PEOPLE v. ETIENNE

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Supreme Court, Appellate Division, Second Department, New York.

The PEOPLE, etc., respondent, v. Kervin ETIENNE, appellant.

2019–09199

Decided: April 21, 2021

LEONARD B. AUSTIN, J.P., BETSY BARROS, FRANCESCA E. CONNOLLY, ANGELA G. IANNACCI, JJ. Mark Diamond, New York, NY, for appellant. Madeline Singas, District Attorney, Mineola, N.Y. (Jason R. Richards and Mary Faldich of counsel), for respondent.

DECISION & ORDER

Appeals by the defendant from two judgments of the Supreme Court, Nassau County (Robert A. Schwartz, J.), both rendered July 26, 2019, convicting him of conspiracy in the second degree under Indictment No. 1512/17, and criminal possession of a weapon in the second degree under Indictment No. 157/18, upon his pleas of guilty, and imposing sentences.

ORDERED that the judgments are affirmed.

“The decision to permit a defendant to withdraw a previously entered plea of guilty rests within the sound discretion of the trial court and generally will not be disturbed absent an improvident exercise of discretion” (People v. Johnson, 97 AD3d 695, 695 [internal quotation marks and brackets omitted]).  Here, the Supreme Court's denial of the defendant's motion to withdraw his pleas of guilty without conducting a hearing was not an improvident exercise of discretion (see People v. Bravo, 72 AD3d 697, 697;  see also People v. Mitchell, 21 NY3d 964, 967;  People v. Frederick, 45 N.Y.2d 520, 524–525;  People v. Jackson, 170 AD3d 1040, 1040;  People v. Johnson, 97 AD3d at 695).

In particular, the defendant's claim of actual innocence as to the count of conspiracy in the second degree was “generalized and unsubstantiated” (People v. Ford, 44 AD3d 1070, 1070) and, thus, “not sufficient to warrant the vacatur of the plea” as to that count (id. at 1071;  see People v. Griffin, 167 AD3d 934, 934–935).  The defendant's claim that the Supreme Court forced him to waive his right to appeal as part of the plea deal is refuted by the record of the plea proceeding, which demonstrates that the defendant knowingly, intelligently, and voluntarily waived his right to appeal (see People v. Sanders, 25 NY3d 337, 340–341).

The defendant's valid waiver of his right to appeal precludes appellate review of his contention that his plea counsel was ineffective, except to the extent that the alleged ineffective assistance may have affected the voluntariness of his pleas (see People v. Jackson, 170 AD3d at 1041;  People v. Turner, 40 AD3d 1018, 1019).  To the extent that the defendant claims that the alleged ineffective assistance affected the voluntariness of his pleas, his contention is without merit.  In particular, the defendant's claim that counsel coerced him into pleading guilty is “belied by his statements under oath at the plea proceeding” (People v. Jackson, 170 AD3d at 1040–1041), which reveal that he knowingly, intelligently, and voluntarily entered his pleas of guilty, absent any threats or force, having reached a favorable plea bargain with the assistance of competent counsel with whose representation the defendant was satisfied (see People v. Bhuiyan, 181 AD3d 699, 700–701;  People v. Johnson, 97 AD3d at 695–696;  People v. Ford, 44 AD3d at 1070).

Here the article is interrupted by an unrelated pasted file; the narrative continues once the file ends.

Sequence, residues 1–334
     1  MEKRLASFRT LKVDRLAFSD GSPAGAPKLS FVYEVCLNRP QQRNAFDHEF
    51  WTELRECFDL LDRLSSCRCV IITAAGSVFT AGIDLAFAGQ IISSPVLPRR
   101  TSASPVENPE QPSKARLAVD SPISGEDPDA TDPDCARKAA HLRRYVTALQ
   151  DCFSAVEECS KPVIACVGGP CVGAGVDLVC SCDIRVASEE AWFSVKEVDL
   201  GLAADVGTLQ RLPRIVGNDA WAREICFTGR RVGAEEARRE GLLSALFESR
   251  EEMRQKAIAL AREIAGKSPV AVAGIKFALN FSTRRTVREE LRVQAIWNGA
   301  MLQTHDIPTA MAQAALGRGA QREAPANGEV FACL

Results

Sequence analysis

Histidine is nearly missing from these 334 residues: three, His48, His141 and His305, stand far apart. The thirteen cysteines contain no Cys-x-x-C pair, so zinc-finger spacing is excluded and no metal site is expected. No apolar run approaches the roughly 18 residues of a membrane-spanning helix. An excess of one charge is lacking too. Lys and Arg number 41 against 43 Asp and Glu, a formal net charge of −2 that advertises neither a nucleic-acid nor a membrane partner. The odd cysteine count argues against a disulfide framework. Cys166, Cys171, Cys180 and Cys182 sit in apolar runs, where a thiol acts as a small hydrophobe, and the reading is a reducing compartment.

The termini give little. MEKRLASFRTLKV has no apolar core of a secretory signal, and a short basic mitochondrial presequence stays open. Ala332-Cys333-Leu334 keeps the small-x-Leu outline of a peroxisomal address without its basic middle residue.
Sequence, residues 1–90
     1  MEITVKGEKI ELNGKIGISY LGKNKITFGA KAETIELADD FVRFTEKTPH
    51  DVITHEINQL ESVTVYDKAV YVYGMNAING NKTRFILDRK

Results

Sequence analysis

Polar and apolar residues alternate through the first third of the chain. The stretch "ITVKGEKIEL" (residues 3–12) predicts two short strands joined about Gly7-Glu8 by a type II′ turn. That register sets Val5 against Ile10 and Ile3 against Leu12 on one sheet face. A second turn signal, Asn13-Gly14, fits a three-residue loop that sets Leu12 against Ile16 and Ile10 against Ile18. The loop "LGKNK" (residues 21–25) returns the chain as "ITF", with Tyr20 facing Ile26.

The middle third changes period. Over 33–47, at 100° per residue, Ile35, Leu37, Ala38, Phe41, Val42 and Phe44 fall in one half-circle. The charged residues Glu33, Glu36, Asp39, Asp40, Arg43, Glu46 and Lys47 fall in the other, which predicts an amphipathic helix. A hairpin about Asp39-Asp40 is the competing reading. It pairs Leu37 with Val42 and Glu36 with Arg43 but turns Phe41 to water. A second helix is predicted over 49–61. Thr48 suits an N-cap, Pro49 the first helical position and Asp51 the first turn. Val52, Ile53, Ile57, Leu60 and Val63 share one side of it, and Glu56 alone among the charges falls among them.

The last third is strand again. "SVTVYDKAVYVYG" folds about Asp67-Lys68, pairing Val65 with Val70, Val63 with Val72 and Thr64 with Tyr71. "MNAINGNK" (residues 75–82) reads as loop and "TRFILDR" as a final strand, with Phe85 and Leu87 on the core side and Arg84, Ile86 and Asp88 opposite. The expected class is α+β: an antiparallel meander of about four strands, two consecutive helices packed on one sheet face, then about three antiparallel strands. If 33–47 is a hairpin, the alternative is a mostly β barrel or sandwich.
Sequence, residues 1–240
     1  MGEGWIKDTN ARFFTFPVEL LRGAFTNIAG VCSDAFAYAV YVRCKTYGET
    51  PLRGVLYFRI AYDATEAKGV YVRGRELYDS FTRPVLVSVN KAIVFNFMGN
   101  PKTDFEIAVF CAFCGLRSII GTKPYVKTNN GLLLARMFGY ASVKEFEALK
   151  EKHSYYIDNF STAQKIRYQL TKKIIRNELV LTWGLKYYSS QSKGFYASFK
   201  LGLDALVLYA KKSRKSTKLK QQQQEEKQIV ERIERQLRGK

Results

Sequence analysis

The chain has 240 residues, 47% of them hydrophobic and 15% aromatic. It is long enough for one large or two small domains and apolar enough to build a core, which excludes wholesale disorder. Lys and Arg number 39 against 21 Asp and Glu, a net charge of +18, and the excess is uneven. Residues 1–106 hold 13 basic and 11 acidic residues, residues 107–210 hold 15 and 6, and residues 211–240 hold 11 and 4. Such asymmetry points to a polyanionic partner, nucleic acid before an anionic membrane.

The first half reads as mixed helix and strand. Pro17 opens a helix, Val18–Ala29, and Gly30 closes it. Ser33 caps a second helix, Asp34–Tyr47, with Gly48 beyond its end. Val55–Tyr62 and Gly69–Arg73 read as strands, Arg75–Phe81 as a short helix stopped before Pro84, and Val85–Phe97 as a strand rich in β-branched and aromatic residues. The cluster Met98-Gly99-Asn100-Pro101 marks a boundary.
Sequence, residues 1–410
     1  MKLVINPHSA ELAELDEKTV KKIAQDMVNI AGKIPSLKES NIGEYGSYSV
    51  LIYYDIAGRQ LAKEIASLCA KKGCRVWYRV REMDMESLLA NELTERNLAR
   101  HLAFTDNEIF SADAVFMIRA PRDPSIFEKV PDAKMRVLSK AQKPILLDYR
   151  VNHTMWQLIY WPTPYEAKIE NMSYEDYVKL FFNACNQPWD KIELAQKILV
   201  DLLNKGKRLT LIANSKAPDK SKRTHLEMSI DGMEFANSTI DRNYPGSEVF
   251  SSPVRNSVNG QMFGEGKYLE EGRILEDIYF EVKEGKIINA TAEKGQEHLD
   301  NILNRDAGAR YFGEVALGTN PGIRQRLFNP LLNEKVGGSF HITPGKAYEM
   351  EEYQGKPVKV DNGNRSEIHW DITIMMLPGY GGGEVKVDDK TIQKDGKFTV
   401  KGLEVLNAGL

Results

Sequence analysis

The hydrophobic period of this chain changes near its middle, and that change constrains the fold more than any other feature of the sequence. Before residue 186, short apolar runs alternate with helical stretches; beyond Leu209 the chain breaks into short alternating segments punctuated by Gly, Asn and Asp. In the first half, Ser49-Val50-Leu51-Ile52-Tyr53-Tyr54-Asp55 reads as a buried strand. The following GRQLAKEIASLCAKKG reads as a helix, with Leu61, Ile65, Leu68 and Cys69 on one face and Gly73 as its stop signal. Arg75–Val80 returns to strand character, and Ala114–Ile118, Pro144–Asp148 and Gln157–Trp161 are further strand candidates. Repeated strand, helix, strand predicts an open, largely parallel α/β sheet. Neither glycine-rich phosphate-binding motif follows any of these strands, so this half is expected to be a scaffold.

Contrary to the defendant's contention, he was not deprived of his right to the effective assistance of counsel on his motion to withdraw his pleas of guilty (see People v. Mitchell, 21 NY3d at 966;  People v. Caple, 279 A.D.2d 635, 635;  cf.  People v. Armstead, 126 AD3d 805, 806;  People v. Santana, 156 A.D.2d 736, 736).

The defendant's separate contention, not raised on his motion to withdraw his pleas of guilty, that his pleas were not knowingly, intelligently, and voluntarily entered but rather the result of certain coercive conduct by the Supreme Court is unpreserved for appellate review (see People v. Andrea, 98 AD3d 627, 627).  In any event, the defendant's contention is without merit (see People v. Seaberg, 71 N.Y.2d 1, 8–9;  People v. Bravo, 72 AD3d at 698).

The defendant's valid waiver of his right to appeal precludes appellate review of his challenge to the factual sufficiency of his plea allocution on the count of conspiracy in the second degree (see People v. Griffin, 167 AD3d at 934), as well as his contention that the Supreme Court failed to comply with the procedures of CPL 400.15 before sentencing him as a second violent felony offender (see People v. Bird, 164 AD3d 1357, 1358).

Contrary to the defendant's contention, the Supreme Court did not sentence him as a second violent felony offender on his conviction of conspiracy in the second degree.  Rather, the court sentenced the defendant as a second violent felony offender only on his conviction of criminal possession of a weapon in the second degree.

AUSTIN, J.P., BARROS, CONNOLLY and IANNACCI, JJ., concur.

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